Scramble to Find Land for Car Yards

The Savills Blog

Scramble to Find Land for Car Yards

The days of visiting a string of car yards on the same city street might be disappearing, but the search for cheaper land for new or relocating car yards is heating up. 

Used car dealers can no longer afford to maintain yards in Auckland’s central suburbs. The cost of land outweighs the returns they get from their businesses and many are moving to outlying suburbs. 

Change in the industry

In 50 years the Auckland industry has changed dramatically. Car yards were prominent on Queen St but it has changed to smaller showrooms and car storage warehouses in less expensive areas. The rise of online retailing has had a big effect on this trend. 

Some dealers say only 10% of their business comes from people walking in off the street and the rest from online.

Car importers are pushing the move to cheaper areas as an ever increasing number of imported vehicles come across Ports of Auckland’s wharves.

In recent years... 

In the first half of the financial year car imports were up 19%. More than 118,000 vehicles were unloaded at the wharves compared with nearly 100,000 for the same time last year. This number is expected to climb as the population increases through external and internal migration. 

The number of vehicles households own increased 0.1% each year between 2006 and 2013 despite a sluggish economy and the global financial crisis. New Zealand now has more vehicles per household than almost every other country in the world and people spend $2 of every $100 in the Consumer Price Index basket on second-hand cars and $1 on new vehicles, according to Statistics New Zealand.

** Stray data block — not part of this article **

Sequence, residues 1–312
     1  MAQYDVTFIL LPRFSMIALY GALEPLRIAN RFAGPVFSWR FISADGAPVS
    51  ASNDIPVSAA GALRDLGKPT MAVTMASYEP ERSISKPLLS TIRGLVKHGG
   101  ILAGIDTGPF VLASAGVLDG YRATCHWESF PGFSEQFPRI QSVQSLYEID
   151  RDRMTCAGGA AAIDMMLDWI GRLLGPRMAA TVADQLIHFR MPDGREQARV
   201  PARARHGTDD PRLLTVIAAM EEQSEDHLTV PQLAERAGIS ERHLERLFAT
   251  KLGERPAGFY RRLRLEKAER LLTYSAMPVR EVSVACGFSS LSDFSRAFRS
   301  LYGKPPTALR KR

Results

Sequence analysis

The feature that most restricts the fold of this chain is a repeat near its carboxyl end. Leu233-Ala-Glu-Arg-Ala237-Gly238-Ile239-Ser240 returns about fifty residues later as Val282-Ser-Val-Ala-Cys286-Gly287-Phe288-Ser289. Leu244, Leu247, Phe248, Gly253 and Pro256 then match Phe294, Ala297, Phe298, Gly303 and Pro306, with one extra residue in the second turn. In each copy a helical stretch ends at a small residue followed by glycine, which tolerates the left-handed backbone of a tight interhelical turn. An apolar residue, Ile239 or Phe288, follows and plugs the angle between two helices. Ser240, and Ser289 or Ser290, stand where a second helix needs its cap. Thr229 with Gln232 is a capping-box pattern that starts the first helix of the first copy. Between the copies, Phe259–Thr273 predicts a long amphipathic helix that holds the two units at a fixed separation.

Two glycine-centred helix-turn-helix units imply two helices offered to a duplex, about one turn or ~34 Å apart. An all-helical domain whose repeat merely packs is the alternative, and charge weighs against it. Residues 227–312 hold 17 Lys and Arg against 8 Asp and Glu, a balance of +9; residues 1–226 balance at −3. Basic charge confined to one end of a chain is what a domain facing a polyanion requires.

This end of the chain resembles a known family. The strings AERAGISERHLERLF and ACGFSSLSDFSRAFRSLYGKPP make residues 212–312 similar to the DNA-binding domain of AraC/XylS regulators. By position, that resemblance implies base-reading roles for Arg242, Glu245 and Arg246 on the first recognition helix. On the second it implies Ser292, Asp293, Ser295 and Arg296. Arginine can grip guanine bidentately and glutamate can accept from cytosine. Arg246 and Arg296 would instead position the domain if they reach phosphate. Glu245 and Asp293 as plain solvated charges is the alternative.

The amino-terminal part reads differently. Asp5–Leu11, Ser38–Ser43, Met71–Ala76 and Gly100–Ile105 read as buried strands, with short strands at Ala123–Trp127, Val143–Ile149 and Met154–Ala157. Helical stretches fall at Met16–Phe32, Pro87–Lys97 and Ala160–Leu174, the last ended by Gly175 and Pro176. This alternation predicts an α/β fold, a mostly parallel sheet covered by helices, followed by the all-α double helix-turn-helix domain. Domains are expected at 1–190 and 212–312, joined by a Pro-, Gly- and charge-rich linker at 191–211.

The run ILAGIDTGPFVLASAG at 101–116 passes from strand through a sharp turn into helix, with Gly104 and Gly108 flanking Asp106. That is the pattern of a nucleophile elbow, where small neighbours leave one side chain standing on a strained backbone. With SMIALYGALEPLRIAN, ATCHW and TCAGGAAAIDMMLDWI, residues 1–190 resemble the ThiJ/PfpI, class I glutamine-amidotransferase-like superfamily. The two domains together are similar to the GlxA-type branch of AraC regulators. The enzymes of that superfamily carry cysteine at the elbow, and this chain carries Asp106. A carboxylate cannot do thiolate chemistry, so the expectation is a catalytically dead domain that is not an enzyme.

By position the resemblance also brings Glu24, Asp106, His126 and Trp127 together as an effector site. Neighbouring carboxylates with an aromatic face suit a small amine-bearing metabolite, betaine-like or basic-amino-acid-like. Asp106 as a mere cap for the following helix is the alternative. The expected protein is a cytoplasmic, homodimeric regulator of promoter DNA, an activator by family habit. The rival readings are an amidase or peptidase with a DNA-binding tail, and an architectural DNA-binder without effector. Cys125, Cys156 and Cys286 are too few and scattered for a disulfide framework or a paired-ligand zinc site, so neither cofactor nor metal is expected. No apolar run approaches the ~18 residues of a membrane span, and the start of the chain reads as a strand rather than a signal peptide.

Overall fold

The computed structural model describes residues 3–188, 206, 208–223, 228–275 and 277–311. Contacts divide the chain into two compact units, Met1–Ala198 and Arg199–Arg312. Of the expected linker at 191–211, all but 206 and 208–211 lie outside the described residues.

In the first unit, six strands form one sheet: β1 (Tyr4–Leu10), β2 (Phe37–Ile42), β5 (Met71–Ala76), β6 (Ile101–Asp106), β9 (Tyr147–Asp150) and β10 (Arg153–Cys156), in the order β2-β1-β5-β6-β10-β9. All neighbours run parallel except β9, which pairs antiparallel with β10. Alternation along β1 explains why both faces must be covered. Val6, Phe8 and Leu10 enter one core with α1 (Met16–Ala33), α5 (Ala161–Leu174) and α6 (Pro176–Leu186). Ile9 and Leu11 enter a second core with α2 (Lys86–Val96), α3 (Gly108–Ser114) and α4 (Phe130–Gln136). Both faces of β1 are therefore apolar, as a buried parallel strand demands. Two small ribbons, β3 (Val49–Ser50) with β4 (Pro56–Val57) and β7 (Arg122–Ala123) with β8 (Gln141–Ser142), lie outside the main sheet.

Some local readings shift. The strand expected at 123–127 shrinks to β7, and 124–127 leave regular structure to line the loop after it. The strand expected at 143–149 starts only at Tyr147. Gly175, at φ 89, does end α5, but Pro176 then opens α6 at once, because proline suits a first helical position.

What does it all mean?

As the growth in car sales continues, real estate agents are scrambling to find enough land for the number of car dealers looking to establish new premises in cheaper areas. Particularly favoured are Penrose, Onehunga and areas further south as car importers with lesser quality vehicles sell from sites that would not have previously been considered. 

Branded dealerships are the only vehicle sellers who can afford to stay on high-priced city land and many have upgraded their premises over the past few years, while others have bought new sites for development to push their brand and reputation. 

The top 10 dealers can support staying in the city or suburbs close by but after that it becomes marginal. The big dealers help offset high rents or property ownership costs by offering other services, such as finance, parts and servicing. 

Overseas multi-level showrooms are being built featuring café-bars and designer lounges to entice high-end buyers. 

Even finding enough suitable greenfields land for Auckland’s big brand dealerships to establish new premises is proving a challenge for real estate agents. Price is not the barrier but the availability of land in a booming market that is short on housing sites everywhere is the challenge. 

However, it is an area of the real estate industry where property fundamentals don’t have to stack up to make a deal. The land is bought to accelerate business. 

A recent report by McKinsey says many of the luxury brands are starting to upgrade their retail premises by piloting new formats, such as online and boutique-style stores. 

Despite the proliferation of online stores, the report says car buyers still rely on visiting car yards to test-drive a vehicle before buying and vehicle servicing is still an “off-line” necessity.

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